Given the roughness of the previously described features, I feel that Dauntless should really be at an alpha stage, not closed beta. Perhaps part of the reason they rushed beta was to give Founder’s access to the title, as most Founder’s Packs included beta access, but not alpha. In any case it seems that Phoenix Labs are aware of this and intend to spend more time developing their game before release, considering that Dauntless‘s open beta date has been delayed.
Honestly, I’m cautious to make a recommendation on Dauntless, one way or the other. In the twenty-five hours I spent on it, there was a lot that impressed me and a bit that worried me. I am convinced that Phoenix Labs genuinely wants to make this a fun, immersive game, but that doesn’t mean they will succeed. What I think everything will come down to is what state Dauntless is in at release, how many players this version attracts, and if Phoenix Labs are able to effectively monetize their game. If they manage all this, I see Dauntless turning out similar to Warframe, becoming a favorite of many gamers for years to come, with regular expansions and fine-tuning. The fact that they already had a Halloween event indicates to me they are serious about this. On the other hand, it is also possible that Dauntless fails to attract players and flops at release. Phoenix Labs might not make a profit and become forced to give up on the title (we might call this the Battleborn scenario). Phoenix Labs plans to turn a profit by selling cosmetics and boosters, and while this is a solid plan, the game will need a certain level of popularity for it to succeed.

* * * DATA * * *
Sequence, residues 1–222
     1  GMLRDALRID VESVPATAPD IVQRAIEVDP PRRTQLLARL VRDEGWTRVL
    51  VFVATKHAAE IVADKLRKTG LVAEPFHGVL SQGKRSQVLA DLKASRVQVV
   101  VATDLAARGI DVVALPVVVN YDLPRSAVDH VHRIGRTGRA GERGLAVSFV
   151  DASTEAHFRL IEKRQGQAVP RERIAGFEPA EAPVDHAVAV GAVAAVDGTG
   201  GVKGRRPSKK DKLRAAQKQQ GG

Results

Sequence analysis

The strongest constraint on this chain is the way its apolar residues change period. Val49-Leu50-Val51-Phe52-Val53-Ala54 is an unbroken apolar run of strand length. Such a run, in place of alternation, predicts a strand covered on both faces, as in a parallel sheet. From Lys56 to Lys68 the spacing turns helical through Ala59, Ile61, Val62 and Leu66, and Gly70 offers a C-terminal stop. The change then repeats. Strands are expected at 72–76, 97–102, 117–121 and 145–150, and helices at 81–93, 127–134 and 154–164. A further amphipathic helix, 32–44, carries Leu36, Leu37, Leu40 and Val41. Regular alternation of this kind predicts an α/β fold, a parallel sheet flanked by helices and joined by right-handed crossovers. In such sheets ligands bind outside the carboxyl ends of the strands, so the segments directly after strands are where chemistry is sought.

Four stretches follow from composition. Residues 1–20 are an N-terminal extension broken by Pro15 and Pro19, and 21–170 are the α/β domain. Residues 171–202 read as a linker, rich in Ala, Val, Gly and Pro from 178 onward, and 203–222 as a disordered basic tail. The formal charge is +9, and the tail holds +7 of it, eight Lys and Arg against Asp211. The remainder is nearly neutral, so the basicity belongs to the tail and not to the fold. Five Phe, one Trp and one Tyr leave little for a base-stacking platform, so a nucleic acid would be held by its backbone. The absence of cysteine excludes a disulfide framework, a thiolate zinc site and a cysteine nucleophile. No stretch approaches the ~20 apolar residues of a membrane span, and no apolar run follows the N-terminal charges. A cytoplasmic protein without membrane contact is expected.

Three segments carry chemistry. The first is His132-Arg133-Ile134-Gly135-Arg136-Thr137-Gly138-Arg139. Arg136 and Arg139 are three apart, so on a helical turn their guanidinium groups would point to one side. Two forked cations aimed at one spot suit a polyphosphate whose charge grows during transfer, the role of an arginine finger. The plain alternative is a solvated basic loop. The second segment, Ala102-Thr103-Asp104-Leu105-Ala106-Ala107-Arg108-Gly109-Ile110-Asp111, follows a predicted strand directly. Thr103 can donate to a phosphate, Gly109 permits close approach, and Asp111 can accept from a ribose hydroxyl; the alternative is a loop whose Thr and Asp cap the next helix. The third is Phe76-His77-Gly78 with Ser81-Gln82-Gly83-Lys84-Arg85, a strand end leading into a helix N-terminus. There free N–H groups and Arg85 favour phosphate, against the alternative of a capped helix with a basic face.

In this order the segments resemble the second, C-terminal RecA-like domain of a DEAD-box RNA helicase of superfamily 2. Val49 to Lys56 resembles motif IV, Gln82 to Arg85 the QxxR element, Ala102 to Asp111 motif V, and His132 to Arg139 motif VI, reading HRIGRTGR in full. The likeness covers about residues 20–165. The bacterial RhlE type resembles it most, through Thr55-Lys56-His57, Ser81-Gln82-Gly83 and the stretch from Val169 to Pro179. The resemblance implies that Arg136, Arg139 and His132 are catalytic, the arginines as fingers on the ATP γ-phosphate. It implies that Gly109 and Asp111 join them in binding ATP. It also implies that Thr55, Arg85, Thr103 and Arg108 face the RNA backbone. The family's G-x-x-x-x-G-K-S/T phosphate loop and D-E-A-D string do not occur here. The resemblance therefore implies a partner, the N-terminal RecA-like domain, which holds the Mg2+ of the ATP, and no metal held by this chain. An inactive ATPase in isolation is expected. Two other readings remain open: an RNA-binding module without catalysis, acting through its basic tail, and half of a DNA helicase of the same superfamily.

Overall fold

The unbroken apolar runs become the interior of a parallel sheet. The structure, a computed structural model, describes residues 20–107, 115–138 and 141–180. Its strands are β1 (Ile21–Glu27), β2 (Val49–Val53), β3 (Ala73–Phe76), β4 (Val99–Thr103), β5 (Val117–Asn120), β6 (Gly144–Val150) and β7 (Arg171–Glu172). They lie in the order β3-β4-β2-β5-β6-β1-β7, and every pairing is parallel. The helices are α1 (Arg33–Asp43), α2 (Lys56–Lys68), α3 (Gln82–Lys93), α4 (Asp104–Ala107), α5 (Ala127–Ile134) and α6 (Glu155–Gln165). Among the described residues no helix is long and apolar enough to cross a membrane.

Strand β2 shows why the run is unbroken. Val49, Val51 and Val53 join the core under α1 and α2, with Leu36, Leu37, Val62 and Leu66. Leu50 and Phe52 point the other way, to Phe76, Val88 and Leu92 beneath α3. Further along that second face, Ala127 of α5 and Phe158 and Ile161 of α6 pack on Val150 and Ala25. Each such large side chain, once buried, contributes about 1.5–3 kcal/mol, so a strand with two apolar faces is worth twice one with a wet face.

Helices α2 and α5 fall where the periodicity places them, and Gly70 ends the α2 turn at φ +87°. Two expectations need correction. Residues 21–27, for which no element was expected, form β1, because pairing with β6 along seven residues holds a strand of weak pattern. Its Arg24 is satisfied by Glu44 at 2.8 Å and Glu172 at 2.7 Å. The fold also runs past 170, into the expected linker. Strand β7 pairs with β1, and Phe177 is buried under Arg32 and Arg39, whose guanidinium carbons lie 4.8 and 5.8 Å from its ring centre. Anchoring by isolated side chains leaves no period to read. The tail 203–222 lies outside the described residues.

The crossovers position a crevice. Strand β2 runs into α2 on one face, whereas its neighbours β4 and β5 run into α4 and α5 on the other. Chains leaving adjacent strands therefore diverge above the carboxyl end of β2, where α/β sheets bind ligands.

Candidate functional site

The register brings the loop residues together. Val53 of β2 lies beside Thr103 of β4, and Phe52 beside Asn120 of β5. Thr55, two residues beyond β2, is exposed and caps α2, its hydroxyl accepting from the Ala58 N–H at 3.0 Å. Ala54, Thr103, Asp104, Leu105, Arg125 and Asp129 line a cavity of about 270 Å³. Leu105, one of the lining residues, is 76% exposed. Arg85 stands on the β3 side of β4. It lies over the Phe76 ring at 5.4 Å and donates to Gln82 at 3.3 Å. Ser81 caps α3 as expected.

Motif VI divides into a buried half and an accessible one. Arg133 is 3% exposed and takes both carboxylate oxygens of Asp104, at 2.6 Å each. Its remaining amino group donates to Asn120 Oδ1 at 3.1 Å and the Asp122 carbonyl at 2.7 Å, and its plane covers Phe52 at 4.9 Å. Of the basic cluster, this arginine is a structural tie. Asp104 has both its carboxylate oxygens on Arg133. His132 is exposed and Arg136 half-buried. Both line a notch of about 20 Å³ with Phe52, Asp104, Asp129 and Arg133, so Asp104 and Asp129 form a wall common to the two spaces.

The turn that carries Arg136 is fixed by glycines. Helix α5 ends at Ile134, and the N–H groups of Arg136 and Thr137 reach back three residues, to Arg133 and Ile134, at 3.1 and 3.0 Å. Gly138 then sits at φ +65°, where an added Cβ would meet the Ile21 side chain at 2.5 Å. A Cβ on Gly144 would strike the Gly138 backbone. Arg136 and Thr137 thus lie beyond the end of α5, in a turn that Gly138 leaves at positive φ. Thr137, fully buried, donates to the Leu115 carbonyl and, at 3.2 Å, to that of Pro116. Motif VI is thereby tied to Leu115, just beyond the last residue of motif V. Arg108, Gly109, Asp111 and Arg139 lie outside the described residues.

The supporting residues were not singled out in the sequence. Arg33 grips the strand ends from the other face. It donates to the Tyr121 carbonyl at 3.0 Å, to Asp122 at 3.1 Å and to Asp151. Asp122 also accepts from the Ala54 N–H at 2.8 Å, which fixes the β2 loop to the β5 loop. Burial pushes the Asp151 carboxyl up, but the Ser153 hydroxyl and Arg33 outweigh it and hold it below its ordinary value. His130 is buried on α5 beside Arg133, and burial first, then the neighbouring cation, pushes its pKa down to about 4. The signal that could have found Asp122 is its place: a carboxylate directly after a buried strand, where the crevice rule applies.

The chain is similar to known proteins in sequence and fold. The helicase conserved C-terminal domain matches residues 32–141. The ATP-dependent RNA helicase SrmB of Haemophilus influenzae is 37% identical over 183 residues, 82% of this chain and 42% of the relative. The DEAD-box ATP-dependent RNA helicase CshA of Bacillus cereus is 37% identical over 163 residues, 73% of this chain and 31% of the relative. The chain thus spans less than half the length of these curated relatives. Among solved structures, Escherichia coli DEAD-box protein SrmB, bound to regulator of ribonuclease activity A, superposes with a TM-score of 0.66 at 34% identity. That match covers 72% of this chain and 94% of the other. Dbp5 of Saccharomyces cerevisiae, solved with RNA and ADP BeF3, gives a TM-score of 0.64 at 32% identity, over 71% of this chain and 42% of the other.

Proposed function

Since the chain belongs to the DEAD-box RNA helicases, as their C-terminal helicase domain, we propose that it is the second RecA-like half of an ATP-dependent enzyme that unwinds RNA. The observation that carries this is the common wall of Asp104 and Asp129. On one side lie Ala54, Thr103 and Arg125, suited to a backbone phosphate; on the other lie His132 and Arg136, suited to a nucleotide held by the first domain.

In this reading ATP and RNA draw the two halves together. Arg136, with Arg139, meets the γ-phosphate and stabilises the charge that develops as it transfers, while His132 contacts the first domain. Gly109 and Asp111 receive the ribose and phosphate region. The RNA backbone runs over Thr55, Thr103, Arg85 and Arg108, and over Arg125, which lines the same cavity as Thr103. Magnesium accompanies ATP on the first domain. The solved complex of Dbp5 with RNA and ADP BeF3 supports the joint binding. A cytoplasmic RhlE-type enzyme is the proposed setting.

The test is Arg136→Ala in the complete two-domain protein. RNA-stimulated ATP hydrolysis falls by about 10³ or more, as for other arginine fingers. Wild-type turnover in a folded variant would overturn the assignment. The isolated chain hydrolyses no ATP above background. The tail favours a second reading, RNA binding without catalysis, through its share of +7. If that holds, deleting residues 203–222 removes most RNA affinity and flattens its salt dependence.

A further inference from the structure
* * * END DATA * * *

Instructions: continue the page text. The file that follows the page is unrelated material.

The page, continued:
If Dauntless sounds interesting to you, you can currently buy a Founder’s Pack and take part in the closed beta. The lowest-tier package is $40 and comes with closed beta access and a few goodies.
I bought a Founder’s Pack and haven’t regretted it for a minute. I’ve found Dauntless to be a refreshing experience, and as far as founder’s packs go, it’s comparatively affordable. That said, if you’re patient, Dauntless will be free-to-play in open beta, and considering that there will be at least one closed beta wipe, there’s good reason to wait.